Sandwell gets 2nd weapon surrender bin in Cape Hill for discreet dumping of knives
One such weapon surrender bin is already in place within Sandwell at Sainsbury’s in Freeth Street, Oldbury
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A weapon surrender bin has been unveiled in Cape Hill as a preventative measure against rising crime involving blades, swords and other dangerous weapons. The latest weapon surrender container – otherwise known as a knife bin – was launched at Windmill Shopping Centre, around the corner from Matalan.
Designed for people to dispose of knives discreetly, one is already in place within Sandwell at Sainsbury’s in Freeth Street, Oldbury. The new bin in Cape Hill is now the second to be built in the borough.
Speaking at the launch, Tom McNeil, the West Midlands deputy police and crime commissioner, said: “We have to do everything we can to tackle youth violence. It’s no secret that it is a serious issue here in the West Midlands.
“We do think that knife bins are an important part of the overall package to tackle that. For instance, over the last year, we have seen around 4,000 knives deposited. So we know they are really used.
“What I do always like to say is that youth violence also requires proper high quality policing. It require high quality youth services, which we know have been decimated over the last ten years. Tackling mental health issues, and substance abuse in the home is also a priority.
“Having a bin like this here in Sandwell now is a really useful tool.”
According to figures released by West Midlands Police under the Freedom of Information Act, 11,854 offences related to knife crime or possession from a young person have been recorded since 2017. This year up to August, 2,251 youths were recorded with offences related to knife crime or possession of a blade. Of those, 360 were under 18.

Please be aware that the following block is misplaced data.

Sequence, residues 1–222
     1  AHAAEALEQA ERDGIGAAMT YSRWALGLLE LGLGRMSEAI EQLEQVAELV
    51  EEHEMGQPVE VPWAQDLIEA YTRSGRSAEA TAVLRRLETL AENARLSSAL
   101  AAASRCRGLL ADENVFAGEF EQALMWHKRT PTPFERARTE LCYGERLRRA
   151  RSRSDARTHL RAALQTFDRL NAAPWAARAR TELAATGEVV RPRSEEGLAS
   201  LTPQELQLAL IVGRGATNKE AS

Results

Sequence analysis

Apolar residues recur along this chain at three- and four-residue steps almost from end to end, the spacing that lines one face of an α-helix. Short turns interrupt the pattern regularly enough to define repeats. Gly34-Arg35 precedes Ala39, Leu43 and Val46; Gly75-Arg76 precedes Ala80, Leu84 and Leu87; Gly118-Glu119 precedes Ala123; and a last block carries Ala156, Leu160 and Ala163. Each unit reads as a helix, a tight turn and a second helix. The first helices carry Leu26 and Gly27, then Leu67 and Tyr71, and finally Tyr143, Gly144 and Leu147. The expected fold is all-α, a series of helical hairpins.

Simon Foster, the police and crime commissioner, told the Local Democracy Reporting Service (LDRS) every knife placed into a surrender bin is “a potential life saved”.
“The bins are providing people with a legal and safe way to dispose of knives. They prove most effective when the community wants them and the message I have been receiving loud and clear is that more are needed.
“I am committed to constant and unremitting action to prevent and reduce violence, protect people and save lives.”
Kerrie Carmichael, the leader of Sandwell council, and Bob Piper, the deputy leader, attended the launch of the knife bin.
Councillor Carmichael said : “Anyone can come along and deposit the knives here and take the danger off the streets. People in my ward are worried about going places because of knife crime. Even holding the blades today, I am really pleased and thankful to see another weapon surrender bin here in Sandwell.”
Councillor Piper recalled knife crime within his own council ward of Abbey, Bearwood, in 2019, where a man dragged from his car and reportedly attacked with a machete outside a Costa Coffee.
He said: “I think the big loss of community policing, with people who have the knowledge and expertise of different neighbourhoods, has led to quite an increase in antisocial behaviour. A lot of it is low level criminality, but it doesn’t feel like that to our residents.”
Councillor Danny Millard, Sandwell council’s cabinet member for communities, said: “Taking knives off our streets is an effective way of tackling the serious issue of knife crime in our communities.
“The culture of carrying a weapon is one we must try to eradicate, and it’s great to see this bin being installed in Smethwick during the ‘Safer 6’ campaign. I’d like to encourage people with knives they shouldn’t be carrying to deposit them safely in this bin, with no questions asked.”
Sergeant Kevin Willetts, from Smethwick neighbourhood team, said: “We all know the dangers of knives and we’re continuing to do all we can to remove these dangerous weapons off our streets.
“A knife bin is an important way of helping to do this.”